pitcher started (not present on the Kregos form), and the pitcher's (2) W-L, (3)
IP, and (4) ERA records versus the opponent.


Kregos contends that AP's change to listing the pitcher's record "vs. opp",
rather than his "vs. team at site" is insignificant, because W-L, IP, and ERA
figures therein may, at certain points in the season, be identical. A statistic is
defined by the parameters set for measurement by the research.
Unquestionably, the pitcher's record "at site" is different from his record "vs.
opp"; the fact that the numbers in these two categories may occasionally
coincide does not change the fact that the categories measure different, albeit
overlapping, occurrence data. Stated differently, Kregos's copyright does not
extend to the compiled facts, i.e., the actual numbers, but only to the original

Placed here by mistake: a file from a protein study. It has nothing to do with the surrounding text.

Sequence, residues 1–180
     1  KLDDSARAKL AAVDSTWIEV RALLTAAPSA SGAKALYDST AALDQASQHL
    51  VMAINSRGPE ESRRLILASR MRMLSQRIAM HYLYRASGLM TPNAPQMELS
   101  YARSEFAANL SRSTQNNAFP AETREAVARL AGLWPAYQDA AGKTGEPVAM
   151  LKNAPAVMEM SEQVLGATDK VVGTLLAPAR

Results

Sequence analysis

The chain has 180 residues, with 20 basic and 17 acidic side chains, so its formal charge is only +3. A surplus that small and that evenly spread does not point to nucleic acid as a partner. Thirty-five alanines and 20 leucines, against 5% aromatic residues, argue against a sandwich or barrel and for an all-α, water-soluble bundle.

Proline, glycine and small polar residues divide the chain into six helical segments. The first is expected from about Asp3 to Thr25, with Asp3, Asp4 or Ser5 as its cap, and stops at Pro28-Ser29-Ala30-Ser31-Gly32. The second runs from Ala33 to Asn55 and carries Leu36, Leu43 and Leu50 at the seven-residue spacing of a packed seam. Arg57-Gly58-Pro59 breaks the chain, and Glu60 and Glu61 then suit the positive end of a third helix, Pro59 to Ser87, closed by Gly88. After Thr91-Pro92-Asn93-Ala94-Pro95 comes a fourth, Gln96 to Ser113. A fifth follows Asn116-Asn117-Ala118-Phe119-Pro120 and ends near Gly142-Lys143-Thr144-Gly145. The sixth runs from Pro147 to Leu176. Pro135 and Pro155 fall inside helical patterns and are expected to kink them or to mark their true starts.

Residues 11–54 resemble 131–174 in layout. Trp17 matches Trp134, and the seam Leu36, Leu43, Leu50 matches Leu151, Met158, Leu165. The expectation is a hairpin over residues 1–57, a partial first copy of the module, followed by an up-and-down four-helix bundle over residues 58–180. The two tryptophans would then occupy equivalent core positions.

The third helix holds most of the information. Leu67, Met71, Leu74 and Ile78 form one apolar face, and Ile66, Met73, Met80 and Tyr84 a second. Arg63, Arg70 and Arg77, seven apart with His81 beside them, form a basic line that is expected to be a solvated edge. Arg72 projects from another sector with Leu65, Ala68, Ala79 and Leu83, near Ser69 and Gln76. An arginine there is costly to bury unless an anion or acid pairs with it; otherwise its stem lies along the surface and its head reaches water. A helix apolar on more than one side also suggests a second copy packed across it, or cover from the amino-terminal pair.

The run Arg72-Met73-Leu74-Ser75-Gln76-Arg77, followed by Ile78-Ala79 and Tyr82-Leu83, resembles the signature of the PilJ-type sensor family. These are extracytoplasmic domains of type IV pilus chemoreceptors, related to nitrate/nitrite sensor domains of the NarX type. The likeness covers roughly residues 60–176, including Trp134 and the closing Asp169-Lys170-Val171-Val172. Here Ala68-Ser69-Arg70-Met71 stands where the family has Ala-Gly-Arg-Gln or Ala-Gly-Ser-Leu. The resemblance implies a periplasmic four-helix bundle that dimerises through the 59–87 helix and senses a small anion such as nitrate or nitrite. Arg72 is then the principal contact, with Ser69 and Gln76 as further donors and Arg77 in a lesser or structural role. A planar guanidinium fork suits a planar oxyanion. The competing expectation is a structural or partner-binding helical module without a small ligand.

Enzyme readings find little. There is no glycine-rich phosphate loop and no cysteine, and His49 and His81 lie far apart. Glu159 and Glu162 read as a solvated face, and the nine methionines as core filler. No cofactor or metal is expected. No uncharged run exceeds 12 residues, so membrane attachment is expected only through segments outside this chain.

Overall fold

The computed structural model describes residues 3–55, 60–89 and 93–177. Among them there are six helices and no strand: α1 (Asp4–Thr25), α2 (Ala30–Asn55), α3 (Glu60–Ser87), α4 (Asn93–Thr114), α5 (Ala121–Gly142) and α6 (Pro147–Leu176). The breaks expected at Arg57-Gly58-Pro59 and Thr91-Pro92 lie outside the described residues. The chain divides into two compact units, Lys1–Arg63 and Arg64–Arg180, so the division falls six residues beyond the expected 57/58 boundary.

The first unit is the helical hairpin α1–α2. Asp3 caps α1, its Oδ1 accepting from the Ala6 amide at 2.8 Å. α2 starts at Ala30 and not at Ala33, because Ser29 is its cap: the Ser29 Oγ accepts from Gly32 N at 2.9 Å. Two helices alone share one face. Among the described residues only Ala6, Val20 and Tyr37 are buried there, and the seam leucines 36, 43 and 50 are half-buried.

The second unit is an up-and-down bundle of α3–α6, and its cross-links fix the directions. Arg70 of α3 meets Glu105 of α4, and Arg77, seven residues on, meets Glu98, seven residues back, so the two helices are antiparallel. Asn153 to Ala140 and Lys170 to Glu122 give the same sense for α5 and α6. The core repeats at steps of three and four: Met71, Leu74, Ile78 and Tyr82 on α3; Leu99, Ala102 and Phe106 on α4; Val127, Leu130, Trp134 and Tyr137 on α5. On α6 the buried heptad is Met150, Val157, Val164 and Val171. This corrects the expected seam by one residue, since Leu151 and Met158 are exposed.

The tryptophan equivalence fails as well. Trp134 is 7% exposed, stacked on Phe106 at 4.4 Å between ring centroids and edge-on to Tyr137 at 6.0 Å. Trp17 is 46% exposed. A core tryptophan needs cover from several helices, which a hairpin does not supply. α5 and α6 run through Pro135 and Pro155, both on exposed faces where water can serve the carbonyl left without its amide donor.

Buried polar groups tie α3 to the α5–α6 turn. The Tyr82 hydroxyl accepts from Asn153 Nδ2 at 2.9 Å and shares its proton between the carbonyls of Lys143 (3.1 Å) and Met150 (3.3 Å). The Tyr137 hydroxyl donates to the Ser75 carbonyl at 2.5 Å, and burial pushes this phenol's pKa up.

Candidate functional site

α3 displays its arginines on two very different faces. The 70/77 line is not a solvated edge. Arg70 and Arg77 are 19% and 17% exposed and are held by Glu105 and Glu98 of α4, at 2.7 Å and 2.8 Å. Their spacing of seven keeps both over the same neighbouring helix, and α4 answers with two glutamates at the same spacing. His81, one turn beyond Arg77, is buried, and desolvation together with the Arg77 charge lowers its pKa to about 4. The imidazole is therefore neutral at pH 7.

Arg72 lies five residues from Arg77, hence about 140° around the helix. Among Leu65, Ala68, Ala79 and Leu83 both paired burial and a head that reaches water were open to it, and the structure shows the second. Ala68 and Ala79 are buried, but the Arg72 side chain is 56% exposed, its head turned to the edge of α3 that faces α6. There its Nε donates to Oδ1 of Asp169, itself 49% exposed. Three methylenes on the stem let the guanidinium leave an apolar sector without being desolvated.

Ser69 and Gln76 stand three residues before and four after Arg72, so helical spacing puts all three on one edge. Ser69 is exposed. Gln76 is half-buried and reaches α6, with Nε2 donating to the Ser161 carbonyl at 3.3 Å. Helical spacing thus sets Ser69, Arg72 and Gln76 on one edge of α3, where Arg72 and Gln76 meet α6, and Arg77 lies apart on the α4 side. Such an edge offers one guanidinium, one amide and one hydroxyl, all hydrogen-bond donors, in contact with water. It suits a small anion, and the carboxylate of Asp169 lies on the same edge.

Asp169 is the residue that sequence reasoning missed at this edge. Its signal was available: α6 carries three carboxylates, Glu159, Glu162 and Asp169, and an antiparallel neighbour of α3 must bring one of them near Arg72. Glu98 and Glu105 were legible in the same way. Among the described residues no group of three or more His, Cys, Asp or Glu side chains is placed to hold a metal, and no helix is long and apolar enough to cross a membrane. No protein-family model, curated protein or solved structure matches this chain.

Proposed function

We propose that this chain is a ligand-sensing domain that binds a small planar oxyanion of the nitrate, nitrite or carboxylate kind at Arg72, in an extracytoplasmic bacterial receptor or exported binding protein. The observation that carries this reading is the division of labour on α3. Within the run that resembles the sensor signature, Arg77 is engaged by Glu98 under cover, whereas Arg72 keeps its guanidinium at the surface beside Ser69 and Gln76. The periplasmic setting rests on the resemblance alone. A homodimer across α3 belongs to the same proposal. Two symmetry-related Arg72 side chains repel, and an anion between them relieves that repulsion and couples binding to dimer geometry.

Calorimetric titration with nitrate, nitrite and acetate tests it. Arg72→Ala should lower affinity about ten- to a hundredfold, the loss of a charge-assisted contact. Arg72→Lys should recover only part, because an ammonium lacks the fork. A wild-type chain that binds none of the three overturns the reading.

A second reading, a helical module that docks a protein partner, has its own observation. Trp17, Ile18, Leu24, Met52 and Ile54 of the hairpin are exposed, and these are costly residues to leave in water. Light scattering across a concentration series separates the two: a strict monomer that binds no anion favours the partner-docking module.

selection of which facts to compile. Feist, 499 U.S. at ----, 111 S.Ct. at 1287.

We do note that the district court erroneously considered the 1986 form to be
different from the Kregos form in one additional way; it interpreted the AP's
new "TEAM REC." category to include both the total team record for the
season and, what it did actually contain, the team record for games started by
that day's pitcher. The district court stated, "The 1986 form includes two
categories not appearing in the Kregos form, 'Team Record' and the team's
season record for games started by that day's pitcher." Kregos III, 795 F.Supp.
at 1332. The court later repeated the error, stating, "the 1986 AP form contains
two statistics totally absent from the Kregos form, the team's won-loss record
for the season and the team's won-loss record for the season when that day's